Across the globe, people who have survived the ordeal of torture, also face long-term consequences. To redress such blatant human rights violation and restore dignity, the Convention against Torture provides that victims of torture have an enforceable right to fair and adequate compensation, including the means for as full rehabilitation as possible.
On this International Day in Support of Victims of Torture, the UN Anti-Torture mechanisms call on States to respect and uphold the right to redress in all its aspects and dimensions, in particular by ensuring that civil society organizations and human right defenders can carry out their vital work in documenting torture and supporting the rehabilitation of victims, unfettered of restrictions and reprisals.
"In the context of redress, civil society organizations play a crucial role in safeguarding the rights of victims of torture and other cruel, inhuman or degrading treatment or punishment by providing them medical and psychosocial support as well as legal and social services", said Suzanne Jabbour, Chair of the Subcommittee on the Prevention of Torture.
The UN human rights experts* expressed concern that torture survivors continue to face challenges in accessing redress and reparations, including the fullest rehabilitation possible.
Celebrating its 40th anniversary this year, the UN Voluntary Fund for Victims of Torture has been supporting civil society organization worldwide to bridge the widening gap in the right to redress and rehabilitation for torture victims, amidst an array of increasingly repressive laws, regulations, and practices.
"Today, impunity for torture is widespread in all regions of the world. Governments continue to systematically deny the existence of such abhorrent practices, refuse to prosecute perpetrators and use intimidation and reprisals against civil society organizations, human rights defenders, whistleblowers and journalists in order to deter them from speaking out and obtaining redress for victims," says Nils Melzer, Special Rapporteur on Torture.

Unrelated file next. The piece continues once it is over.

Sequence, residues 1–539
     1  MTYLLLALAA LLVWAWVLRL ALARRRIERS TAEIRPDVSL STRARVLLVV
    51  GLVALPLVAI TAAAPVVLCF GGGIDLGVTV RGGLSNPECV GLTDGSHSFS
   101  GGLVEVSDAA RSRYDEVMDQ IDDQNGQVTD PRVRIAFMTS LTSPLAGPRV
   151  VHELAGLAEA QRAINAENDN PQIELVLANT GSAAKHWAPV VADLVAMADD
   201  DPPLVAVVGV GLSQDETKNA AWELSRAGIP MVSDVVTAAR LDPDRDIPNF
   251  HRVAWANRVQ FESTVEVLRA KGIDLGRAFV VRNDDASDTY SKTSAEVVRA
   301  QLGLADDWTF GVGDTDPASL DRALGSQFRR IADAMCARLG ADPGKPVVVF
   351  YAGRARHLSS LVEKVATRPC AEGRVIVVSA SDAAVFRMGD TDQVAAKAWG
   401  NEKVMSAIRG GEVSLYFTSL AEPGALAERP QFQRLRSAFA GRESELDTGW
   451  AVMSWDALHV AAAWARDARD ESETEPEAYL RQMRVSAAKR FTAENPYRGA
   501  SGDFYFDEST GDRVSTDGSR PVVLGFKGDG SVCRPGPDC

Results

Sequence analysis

The trend of reprisals, through restrictive and retaliatory measures against civil society and torture survivors seeking redress through the UN mechanisms, remains prevalent and shows no signs of subsiding, particularly during the COVID-19 pandemic that started last year.
According to the experts, states efforts to curb the spread of COVID-19 in their respective territories must not result in the silencing of human rights defenders or in further shrinking civic space.
The intersection between accountability and redress was stressed by Claude Heller, Chair of the Committee against Torture, who stated, "the ability of torture victims, their families and those intervening on their behalf to file complaints and to seek and obtain redress is essential to guarantee non-repetition of torture or ill-treatment. There is a danger that a culture of impunity and acceptance of torture, where it exists de facto, will be perpetuated when victims, witnesses and others are not protected against retaliation before, during and after proceedings and victims are barred from seeking full redress".
"On this day, we remind States of their obligations and issue a clarion call to them to enable civic space that will allow the Fund’s beneficiaries and partners to assist victims of torture rebuild their lives and access vital direct humanitarian assistance", said Vivienne Nathanson, Chairperson Board of Trustees of the UN Voluntary Fund for Victims of Torture.
We urge States to uphold the absolute and universal prohibition against torture and other cruel, inhuman or degrading treatment or punishment. To enable a conducive environment for redress and rehabilitation for victims of torture, and for civil society to operate freely.
(*) The joint statement was issued by the UN Committee against Torture, the UN Subcommittee on Prevention of Torture, the UN Special Rapporteur on Torture and other cruel, inhuman or degrading treatment or punishment, and the Board of Trustees of the UN Voluntary Fund for Victims of Torture.
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